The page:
Life and Estate Planning for Success

Written by Michael Baron on . Posted in General Estate Planning

Dear Michael: We are in between parents in that we have some older children – not interested in farming – and we have some younger children of which one or two might be interested in farming. They are still in middle school, however, so it’s hard to say what direction they may go. We don’t have a will, at this point in time, as we kind of thought we knew how life was going to go, but the older children surprised us by not farming. The younger children are much more involved in FFA and other agriculture pursuits than the older ones ever were. Where do we go from here when we have such young children? – Not Quite Old Enough

Dear Not Quite Old Enough: You have a situation that’s been repeating in cycles over and over again since farming began. If times were bad in farming as your children reached their formative years – ages twelve through sixteen – then these children were exposed to a less than positive attitude in your household, they tend to grow out of farming. If things were positive in your home regarding farming during these years, children of those ages tend to have a more positive outlook on being involved in farming. That’s just life.

In any case, you, as parents, have to determine if you want your younger children raised in the same area as your farm. As such, when you are writing your will for the first time, you’ll have to give much thought to ‘who’ will be the right person or persons to be the physical guardians of your children – if both of you should die.

Ideally, you’d like to name someone who lives close by, who has an agricultural background, and who not only loves kids, but wants to keep your children involved in your own farm – if possible – or in farming as a way of life even though they may not be close to your own farm.

The second part is to put into your will a financial guardian for your children. You’re going to name someone whom you trust implicitly in all financial affairs, as likely this person or persons will have carte blanche access to your assets after your death. I think it’s a good idea to name two people as financial administrators (guardians) for your estate and for your children to provide checks and balances. There are no ‘trust police’ running around making certain trustees, guardians, etc. are spending the money the way they are supposed to.

Speaking of trusts, as long as you have minor children, you’re going to put a testamentary trust in your will to hold assets in the event of both of your deaths. A testamentary trust is a trust created by your will upon your death. It does not exist until you die. Upon your death, your personal representatives will have two things to deal with – your estates (which are a non-human entity subject to taxes, debts, etc. much like a corporation) and setting up this trust. This is simply done by applying for a tax ID number, setting up a checking account for the trust and waiting for the assets to arrive from the estate as they are settled.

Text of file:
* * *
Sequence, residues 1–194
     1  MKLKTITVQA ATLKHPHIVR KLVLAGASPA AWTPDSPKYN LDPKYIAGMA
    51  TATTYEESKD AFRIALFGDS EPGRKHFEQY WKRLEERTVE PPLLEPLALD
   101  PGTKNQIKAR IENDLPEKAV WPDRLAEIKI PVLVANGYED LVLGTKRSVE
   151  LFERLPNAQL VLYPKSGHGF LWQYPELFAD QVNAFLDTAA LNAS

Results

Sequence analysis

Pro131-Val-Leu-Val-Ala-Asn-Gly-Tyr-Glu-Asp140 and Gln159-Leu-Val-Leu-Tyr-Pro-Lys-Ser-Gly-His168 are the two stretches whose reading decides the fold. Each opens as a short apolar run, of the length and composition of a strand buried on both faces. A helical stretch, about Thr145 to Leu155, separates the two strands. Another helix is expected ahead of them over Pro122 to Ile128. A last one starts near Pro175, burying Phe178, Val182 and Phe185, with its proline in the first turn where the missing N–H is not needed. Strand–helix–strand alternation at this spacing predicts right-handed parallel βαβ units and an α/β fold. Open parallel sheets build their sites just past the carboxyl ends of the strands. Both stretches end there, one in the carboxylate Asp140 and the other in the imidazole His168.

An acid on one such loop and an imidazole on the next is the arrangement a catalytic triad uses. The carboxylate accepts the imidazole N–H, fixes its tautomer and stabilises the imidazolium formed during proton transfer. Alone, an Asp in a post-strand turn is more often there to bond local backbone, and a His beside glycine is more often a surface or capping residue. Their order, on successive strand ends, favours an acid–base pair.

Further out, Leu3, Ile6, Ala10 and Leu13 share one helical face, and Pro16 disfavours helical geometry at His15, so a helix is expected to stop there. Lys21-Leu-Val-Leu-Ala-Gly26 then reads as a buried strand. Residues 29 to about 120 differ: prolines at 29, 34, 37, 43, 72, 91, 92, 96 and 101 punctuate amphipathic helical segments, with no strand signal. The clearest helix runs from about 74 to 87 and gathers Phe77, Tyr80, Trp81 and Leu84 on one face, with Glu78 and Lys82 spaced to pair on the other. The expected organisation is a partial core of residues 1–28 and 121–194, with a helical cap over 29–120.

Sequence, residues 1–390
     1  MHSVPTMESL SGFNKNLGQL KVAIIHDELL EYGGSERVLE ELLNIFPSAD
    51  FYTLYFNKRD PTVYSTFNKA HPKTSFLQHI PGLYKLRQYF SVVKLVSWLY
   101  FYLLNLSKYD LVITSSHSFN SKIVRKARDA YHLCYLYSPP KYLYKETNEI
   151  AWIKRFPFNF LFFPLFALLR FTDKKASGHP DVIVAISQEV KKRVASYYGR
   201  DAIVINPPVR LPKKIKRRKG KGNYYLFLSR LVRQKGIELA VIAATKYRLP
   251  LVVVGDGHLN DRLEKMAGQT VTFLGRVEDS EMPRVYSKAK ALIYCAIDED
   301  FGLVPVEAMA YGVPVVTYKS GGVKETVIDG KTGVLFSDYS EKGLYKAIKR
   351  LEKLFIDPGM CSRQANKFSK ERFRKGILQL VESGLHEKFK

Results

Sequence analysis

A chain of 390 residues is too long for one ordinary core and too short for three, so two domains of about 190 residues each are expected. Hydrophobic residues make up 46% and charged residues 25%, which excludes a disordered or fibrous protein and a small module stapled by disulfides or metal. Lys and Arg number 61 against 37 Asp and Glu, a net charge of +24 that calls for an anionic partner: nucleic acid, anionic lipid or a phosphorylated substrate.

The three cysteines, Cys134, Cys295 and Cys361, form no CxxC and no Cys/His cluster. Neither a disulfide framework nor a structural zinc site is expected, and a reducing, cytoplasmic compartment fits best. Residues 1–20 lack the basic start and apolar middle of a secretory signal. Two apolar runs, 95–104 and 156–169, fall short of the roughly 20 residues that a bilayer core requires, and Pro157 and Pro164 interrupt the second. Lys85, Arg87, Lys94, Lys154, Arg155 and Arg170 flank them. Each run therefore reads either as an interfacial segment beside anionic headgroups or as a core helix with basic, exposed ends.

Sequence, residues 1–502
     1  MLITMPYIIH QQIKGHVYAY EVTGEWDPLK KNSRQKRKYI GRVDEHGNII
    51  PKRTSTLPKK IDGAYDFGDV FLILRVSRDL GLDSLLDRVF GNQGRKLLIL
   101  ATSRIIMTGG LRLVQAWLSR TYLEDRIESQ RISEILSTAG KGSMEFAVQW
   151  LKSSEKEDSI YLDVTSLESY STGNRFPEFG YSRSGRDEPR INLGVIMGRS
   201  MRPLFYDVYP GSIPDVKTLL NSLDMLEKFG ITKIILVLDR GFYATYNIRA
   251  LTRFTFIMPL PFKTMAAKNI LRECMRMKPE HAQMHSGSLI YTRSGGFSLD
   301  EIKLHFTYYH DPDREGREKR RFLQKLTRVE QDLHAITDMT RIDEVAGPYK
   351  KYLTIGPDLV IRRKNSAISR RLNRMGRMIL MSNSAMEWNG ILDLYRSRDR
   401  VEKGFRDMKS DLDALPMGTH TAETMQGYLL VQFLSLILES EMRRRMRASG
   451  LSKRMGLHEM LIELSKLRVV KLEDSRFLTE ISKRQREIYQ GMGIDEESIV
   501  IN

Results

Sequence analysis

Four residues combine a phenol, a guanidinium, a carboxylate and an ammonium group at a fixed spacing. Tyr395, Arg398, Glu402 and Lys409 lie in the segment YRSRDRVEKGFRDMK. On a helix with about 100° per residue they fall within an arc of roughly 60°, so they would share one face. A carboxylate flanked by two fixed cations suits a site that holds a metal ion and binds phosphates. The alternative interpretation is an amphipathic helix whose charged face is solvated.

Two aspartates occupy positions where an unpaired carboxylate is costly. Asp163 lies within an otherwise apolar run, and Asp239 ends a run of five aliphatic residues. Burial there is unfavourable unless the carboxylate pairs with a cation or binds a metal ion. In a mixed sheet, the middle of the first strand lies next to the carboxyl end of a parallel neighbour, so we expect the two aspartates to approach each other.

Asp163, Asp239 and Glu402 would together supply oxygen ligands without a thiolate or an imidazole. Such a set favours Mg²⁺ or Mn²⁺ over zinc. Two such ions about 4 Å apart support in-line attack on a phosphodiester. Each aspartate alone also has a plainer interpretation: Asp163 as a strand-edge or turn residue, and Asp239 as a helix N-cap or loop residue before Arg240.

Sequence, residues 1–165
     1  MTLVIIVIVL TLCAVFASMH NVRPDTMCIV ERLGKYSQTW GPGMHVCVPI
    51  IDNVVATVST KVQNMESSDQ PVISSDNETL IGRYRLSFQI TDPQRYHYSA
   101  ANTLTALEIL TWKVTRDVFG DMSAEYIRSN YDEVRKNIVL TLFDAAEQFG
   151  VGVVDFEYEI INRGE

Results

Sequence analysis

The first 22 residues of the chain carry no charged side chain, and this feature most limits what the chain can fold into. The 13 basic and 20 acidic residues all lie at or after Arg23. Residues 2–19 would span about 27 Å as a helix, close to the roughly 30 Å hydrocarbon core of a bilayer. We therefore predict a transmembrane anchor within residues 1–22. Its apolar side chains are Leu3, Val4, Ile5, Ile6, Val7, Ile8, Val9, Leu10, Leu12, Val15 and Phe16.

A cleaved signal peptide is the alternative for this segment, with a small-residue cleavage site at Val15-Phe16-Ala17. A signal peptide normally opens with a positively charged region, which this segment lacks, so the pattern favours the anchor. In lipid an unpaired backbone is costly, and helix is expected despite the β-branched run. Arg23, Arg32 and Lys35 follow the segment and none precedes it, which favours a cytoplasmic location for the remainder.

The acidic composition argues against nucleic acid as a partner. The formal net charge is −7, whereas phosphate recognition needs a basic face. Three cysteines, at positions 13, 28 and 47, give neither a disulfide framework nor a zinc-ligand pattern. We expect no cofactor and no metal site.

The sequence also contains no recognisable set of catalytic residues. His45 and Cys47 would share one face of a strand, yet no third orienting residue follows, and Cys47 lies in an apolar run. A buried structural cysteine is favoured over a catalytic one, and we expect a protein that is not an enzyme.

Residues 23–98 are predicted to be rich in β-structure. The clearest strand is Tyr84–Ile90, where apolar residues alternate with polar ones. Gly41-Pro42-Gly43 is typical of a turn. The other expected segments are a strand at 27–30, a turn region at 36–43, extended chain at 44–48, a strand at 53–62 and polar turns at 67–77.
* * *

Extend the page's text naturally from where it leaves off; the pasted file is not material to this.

You may have the same trustees as you do personal representatives, or they may be different people, if you so like. Some people are closer to the situation in helping settle an estate (P.R’s), but not people you’d like to handle assets long-term (trustees).

Now comes the interesting part – classifying your assets and deciding which are going to be sold (converted to money) and which assets you’d like to hold long-term. If you have young children interested in farming, then likely you’d like to hold your farmland in trust until they reach an age (perhaps 30) to determine whether one or more wants to farm.

If they do want to farm, we have to give instructions via your will to trustees and guardians about how this happens, when it happens, what the other non-farming children will receive vs. the farming child(ren), etc.

Some real time and thought goes into this process but this not only clarifies what your ‘estate plan’ is going to be, it oftentimes clarifies what your ‘life plan’ is going to be with your children. Without such planning, we know for certain your farm and your agri-business will not survive you. That’s too bad because you’ve done a pretty good job of growing it – it’d be a shame to see it go down.

“Keeping the Family Farm in the Family”

Great Plains Diversified Services, Inc. 1424 W. Century Ave., Suite 208, Bismarck, ND 58503-0917 Telephone: 701-255-4079
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Michael Baron is not an attorney. Information given through written, verbal, or electronic means by Michael Baron or Great Plains Diversified Services, Inc. is not to be construed as legal advice. An attorney, tax advisor, or other registered advisor is needed for the completion of the estate planning process. An attorney must be consulted for legal advice and the drafting of legal documents.